Information and communication technologies are well developed in Taiwan , and the development of EMR in hospitals is also comparatively mature . Consequently, it is proper for this study to choose Taiwanese physicians as the research subjects to validate the research model proposed in Walter and Lopez’ s study . Since Taiwan started to promote its national health insurance system in 1995, traditional (desktop and wired) EMR has been commonly used in hospitals . In addition, mobilehealthcare (also known as m-Health and m-Healthcare) is considered to have significant benefits and is in the stage of initial development . Nevertheless, presenting ubiquitous services to healthcare professionals is not easy. A key challenge is progressing m-Health approaches from pilot projects to wider implementions whilst properly engaging healthcare professionals in the process . Developers of these projects need to expend substantial effort and resources to ensure mobile service support. Thus, understanding the factors that influence healthcare professionals’ usage of mobile services is important to the development of mobile electronic medical records (MEMR). Therefore, two research questions are presented in this study: 1) Is the dual-factor model proposed by Walter and Lopez  applicable for evaluating physi- cians’ acceptance of MEMR in Eastern countries? 2) Could the feature of “perceived mobility” become a valuable antecedent variable for each of the inhibitors and enablers in Walter and Lopez’s model ?
In a relatively short period of time, mobile application has penetrated significantly into worldwide society, capturing an entire range of users with different ages, experiences, jobs or studies. Such progress has build upon a long history of use of communication devices and a rapid adoption of them. Today’s main mobilehealthcare application are grouped in some main categories as shown in figure 2 .
calls from accidents or incidents. Health-aware mobile devices detect pulse-rate, blood pressure, and level of alcohol to alert healthcare emergency system. Pervasive access to healthcare information allows patients or healthcare providers to access the current and past medical information.Pervasive lifestyle incentive management can be used to pay healthcare expenses and manage otherrelated charges automatically.With the advance of IT technology, modern healthcare has driven significant development of distributed systems that can deal with smarter environments, adapt to specific context, and respond to critical events. This section describes recent researches in emerging healthcare systems.Mobile Healthcare Service (MHS): MobileHealthcare Service (MHS) System is an infection control application that uses mobile device together with RFID (Radio Frequency System) technology to position and identify both persons and object that are inside and outside the hospital. Healthcare Alerts Management System (HAMS) Healthcare Alert Management System is a healthcare service application that runs on mobile devices to manage alerts in hospital . All the urgent requests in a hospital are referred to as alert. Example of hospital alerts are operations rescheduling, laboratory result and adverse drug events. HAMS receive alerts signal and deliver them to the right person at the right time. These alerts are delivered via short message service (SMS) to the mobile device, e-mail notification to the involved users such as doctors and nurses. By having a HAMS which could effectively route and monitor alerts, the hospital is able to provide quality and cost-effective healthcare services to its customers.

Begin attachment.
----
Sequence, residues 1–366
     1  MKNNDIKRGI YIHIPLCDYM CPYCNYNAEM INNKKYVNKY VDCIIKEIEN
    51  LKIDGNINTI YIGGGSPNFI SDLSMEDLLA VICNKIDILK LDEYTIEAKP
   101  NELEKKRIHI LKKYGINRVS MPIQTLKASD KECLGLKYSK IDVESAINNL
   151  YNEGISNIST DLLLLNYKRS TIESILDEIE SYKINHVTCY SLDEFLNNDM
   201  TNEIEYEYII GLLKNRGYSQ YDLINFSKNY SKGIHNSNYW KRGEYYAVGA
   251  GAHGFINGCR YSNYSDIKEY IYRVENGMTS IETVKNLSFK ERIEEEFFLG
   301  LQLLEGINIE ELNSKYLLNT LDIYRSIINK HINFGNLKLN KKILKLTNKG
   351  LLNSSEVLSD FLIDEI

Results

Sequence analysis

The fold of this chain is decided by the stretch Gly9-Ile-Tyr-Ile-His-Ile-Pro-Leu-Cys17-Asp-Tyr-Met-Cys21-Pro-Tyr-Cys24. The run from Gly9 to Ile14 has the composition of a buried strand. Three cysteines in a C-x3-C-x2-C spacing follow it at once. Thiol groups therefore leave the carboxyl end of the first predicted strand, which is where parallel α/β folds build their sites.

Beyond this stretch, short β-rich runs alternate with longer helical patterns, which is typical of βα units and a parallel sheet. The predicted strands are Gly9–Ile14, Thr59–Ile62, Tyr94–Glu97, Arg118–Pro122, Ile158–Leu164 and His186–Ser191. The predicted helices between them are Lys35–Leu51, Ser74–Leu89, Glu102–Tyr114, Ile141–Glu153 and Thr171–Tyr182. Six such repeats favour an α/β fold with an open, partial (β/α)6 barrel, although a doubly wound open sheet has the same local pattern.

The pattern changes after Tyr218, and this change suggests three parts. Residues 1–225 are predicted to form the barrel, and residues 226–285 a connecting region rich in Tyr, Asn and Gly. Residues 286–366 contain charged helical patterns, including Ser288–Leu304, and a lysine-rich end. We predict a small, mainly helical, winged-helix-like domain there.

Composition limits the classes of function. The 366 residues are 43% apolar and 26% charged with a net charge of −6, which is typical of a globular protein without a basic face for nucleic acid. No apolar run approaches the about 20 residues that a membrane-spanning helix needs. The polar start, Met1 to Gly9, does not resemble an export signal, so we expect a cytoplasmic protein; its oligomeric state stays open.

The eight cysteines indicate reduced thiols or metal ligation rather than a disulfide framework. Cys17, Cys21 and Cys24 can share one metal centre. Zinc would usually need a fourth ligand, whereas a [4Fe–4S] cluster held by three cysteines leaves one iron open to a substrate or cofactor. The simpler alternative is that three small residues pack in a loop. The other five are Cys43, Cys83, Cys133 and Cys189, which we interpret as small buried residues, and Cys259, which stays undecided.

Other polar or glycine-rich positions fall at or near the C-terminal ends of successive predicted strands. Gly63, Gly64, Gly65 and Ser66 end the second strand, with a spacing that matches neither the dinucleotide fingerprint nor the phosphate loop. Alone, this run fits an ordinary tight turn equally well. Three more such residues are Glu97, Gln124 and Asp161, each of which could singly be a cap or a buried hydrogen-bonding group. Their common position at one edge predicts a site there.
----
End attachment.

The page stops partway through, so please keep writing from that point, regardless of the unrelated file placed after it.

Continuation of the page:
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ireless Sensors are one of the main component of mobilehealthcare system. Sensors used in m-Healthcare are known as the wearable body sensors. These wearable body sensors are implanted in the patient’s body. Body sensor senses the various condition of patient’s body like blood pressure, heart beat, blood sugar, body temperature and others. These data are known as the physical health information. The highly sensitive physical health information is then transmitted to authorised medical healthcare centre. According to the received PHI medical experts present in the medical centre will provide a remote healthcare solution.
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Pregnancy period is a special moment of women’s life and maternity healthcare is considered as an important part of society healthcare. There are some problems and limitations with the existing services to support gravid women. The first problem is that there is no electronic system to share maternity data between hospitals and clinics. The existing systems do not exploit web and mobile technology, and there is no pervasive and ubiquities system. Most of health clinics’ activities are done with traditional approaches. The second problem is that 20% of pregnant women have to rest at hospital for some days, weeks, or months because of some pregnancy complication such as bleeding, low placenta, and so forth. There is no monitoring service at home to reduce the number of hospitalized pregnant women. The next problem is with rural enceinte women who have higher poverty rates and tend to be in poorer health. Fewer doctors and hospitals, and other health resources will cause more difficulties for them getting to health services. So far, there is no monitoring system for rural enceinte women. Using mobile devices for monitoring pregnant women is a way to overcome those problems. Maternity monitoring by mobile makes an opportunity which by using it we can share maternity data and monitor enceinte women at home instead of being hospitalized. But maternity monitoring via mobile devices can raise other technical problems. The first problem is the quality, availability, accessibility, security and privacy of patients’ data. The second problem is mobile device limitation that includes the limitation of memory, battery life span, and processor speed. In this study to solve these problems the literature review has been conducted on maternity data management, pervasive mobilehealthcare system, cloud computing, and mobilehealthcare system on cloud computing. Then a new architecture is proposed to solve those problems.